What makes a good leader, and which leadership competencies are considered the most important around the world? An organizational scientist recently turned her talents towards finding out.
A global study sheds light on leadership competencies.
Dr. Sunnie Giles, leadership development consultant, published her findings this month in the Harvard Business Review. Not surprisingly, high ethical and moral standards was the top pick for survey respondents.
The study was conducted in 15 countries and queried 195 leaders, who were each asked to pick the most important leadership competencies from a list of 74.
After the top pick, the next four were a little less obvious, with #3 and #5 both bearing particular weight with us…you’ll see why in just a moment!
And the results are in…
“High ethical and moral standard” was chosen by 67% of the respondents, while the other qualities in the Top 5 list trailed closely behind in popularity. Take a look at how the numbers came through:
- 67% Has high ethical and moral standards
- 59% Provides goals and objectives with loose guidelines/direction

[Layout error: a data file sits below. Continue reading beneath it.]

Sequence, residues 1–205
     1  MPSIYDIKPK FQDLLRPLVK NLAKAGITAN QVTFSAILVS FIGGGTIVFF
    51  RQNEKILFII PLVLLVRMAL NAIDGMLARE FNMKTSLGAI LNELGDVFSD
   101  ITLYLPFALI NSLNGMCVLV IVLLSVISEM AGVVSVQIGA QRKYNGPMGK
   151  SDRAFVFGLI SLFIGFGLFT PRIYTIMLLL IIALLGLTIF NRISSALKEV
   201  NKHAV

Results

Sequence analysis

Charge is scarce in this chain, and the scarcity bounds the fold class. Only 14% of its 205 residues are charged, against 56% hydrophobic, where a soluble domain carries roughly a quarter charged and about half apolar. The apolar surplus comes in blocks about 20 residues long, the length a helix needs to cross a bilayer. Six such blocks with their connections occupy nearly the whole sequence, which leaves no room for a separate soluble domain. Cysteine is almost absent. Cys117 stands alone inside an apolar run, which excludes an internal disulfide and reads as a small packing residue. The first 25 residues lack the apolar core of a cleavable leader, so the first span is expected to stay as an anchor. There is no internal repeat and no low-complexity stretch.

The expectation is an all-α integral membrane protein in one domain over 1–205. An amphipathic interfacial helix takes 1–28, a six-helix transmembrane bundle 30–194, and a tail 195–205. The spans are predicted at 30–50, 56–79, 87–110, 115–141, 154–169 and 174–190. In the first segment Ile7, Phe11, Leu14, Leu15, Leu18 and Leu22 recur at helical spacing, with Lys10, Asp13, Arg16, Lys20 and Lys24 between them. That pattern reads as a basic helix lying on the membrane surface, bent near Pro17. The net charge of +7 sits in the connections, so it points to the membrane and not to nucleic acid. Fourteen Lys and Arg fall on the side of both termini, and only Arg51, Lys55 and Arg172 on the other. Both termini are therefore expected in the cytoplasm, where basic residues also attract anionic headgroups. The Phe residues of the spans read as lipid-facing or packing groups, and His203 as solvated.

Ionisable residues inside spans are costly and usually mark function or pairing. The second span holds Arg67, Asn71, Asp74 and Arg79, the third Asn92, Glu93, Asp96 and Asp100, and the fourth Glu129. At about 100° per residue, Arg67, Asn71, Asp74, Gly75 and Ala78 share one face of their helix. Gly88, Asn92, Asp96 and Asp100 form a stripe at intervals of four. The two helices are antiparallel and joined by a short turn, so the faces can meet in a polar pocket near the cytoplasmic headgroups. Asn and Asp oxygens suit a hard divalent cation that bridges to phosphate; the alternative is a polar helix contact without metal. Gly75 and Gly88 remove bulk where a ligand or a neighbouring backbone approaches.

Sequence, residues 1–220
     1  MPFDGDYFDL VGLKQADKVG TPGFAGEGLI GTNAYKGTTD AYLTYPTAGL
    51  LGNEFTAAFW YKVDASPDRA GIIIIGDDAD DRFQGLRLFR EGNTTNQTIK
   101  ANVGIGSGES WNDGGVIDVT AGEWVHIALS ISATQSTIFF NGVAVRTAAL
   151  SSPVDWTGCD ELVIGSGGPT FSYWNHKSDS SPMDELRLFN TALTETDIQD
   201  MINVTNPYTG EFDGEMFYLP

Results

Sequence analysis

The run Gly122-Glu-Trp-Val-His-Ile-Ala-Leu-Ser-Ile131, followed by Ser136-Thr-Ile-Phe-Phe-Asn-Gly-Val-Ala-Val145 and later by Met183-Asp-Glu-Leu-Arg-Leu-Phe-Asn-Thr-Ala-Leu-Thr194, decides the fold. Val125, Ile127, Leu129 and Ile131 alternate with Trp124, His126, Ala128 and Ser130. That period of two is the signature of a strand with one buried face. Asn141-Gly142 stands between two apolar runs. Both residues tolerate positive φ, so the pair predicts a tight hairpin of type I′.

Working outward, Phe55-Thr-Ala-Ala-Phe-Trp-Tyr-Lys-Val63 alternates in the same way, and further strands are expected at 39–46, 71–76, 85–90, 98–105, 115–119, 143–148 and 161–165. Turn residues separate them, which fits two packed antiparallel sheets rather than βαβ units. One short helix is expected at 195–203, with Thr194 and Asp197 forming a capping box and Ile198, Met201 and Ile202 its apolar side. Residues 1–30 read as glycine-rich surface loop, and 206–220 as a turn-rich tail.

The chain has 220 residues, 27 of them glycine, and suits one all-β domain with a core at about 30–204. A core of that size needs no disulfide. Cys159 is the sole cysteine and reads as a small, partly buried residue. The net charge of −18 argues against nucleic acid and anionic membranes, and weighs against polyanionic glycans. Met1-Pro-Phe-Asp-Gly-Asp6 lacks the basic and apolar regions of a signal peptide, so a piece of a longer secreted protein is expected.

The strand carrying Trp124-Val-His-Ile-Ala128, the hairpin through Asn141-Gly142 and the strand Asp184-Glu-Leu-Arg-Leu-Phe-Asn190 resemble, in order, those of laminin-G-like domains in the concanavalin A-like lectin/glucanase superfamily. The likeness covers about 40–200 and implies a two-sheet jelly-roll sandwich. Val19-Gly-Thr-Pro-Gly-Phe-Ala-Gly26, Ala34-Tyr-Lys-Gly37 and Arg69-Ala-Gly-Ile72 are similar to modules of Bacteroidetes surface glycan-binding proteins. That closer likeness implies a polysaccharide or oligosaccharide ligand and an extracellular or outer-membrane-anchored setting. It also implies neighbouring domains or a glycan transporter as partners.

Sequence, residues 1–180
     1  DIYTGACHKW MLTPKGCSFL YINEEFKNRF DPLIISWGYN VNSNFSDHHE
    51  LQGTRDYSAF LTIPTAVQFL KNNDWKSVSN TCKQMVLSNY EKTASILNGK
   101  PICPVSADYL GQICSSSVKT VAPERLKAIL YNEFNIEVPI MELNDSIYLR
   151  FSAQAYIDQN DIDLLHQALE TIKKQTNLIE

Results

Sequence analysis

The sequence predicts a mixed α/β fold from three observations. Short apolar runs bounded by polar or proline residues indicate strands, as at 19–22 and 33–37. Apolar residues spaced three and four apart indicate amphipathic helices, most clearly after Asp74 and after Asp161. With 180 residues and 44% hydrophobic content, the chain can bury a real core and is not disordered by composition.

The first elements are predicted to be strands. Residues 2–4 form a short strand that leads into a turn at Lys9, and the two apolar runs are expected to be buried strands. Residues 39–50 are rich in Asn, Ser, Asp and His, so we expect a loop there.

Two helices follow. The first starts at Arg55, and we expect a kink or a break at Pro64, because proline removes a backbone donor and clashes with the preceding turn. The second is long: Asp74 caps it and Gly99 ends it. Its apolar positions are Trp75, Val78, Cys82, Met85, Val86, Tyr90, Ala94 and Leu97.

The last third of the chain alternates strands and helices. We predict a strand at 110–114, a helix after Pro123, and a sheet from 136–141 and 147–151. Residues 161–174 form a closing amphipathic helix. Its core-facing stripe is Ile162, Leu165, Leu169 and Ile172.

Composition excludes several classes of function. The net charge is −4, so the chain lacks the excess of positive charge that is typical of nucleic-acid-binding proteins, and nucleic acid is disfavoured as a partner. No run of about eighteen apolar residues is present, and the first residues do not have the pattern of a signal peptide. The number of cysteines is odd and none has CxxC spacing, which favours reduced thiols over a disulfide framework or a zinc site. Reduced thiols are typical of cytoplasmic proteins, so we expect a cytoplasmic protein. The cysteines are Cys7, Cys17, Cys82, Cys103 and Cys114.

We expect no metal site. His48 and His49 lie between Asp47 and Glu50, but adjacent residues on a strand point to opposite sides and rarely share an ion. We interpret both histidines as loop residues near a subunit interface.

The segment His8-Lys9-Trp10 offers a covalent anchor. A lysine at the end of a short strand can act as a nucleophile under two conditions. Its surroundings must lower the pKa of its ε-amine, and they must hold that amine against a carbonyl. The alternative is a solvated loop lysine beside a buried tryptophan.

- 56% Clearly communicates expectations
- 52% Has the flexibility to change opinions
- 43% Is committed to my ongoing training
Since we’re all about good, clear communication around here, #3 on the list above is right in line with the principles we adhere to in our workshops (and in everything we do!).
Of course we support ongoing training for employees, too (that’s #5). Whatever your position in your company, there’s never too much you can learn about personality styles, behavior, and communication.
Actually, “communication” figured heavily into the responses.
Beyond the Top 5 leadership competencies, if we peek at #6 we’ll find “communicates often and openly” and #8 “creates a feeling of succeeding and failing together as a pack”. That means 3 out of ten most important leadership qualities are focused on good communication!
Not that we’re surprised, or should you be either. After all, we’re a social species and connection is important not just for a sense of well-being but also for us to feel confident we’re doing the right thing and proceeding the right way with our tasks at work.
In her study findings, Dr. Giles mentions that our sense of connection may impact how productive we are. And good communication leads to a stronger sense of connection. In other words, teamwork is good for productivity, and leaders who display leadership competencies related to communication are doing something right.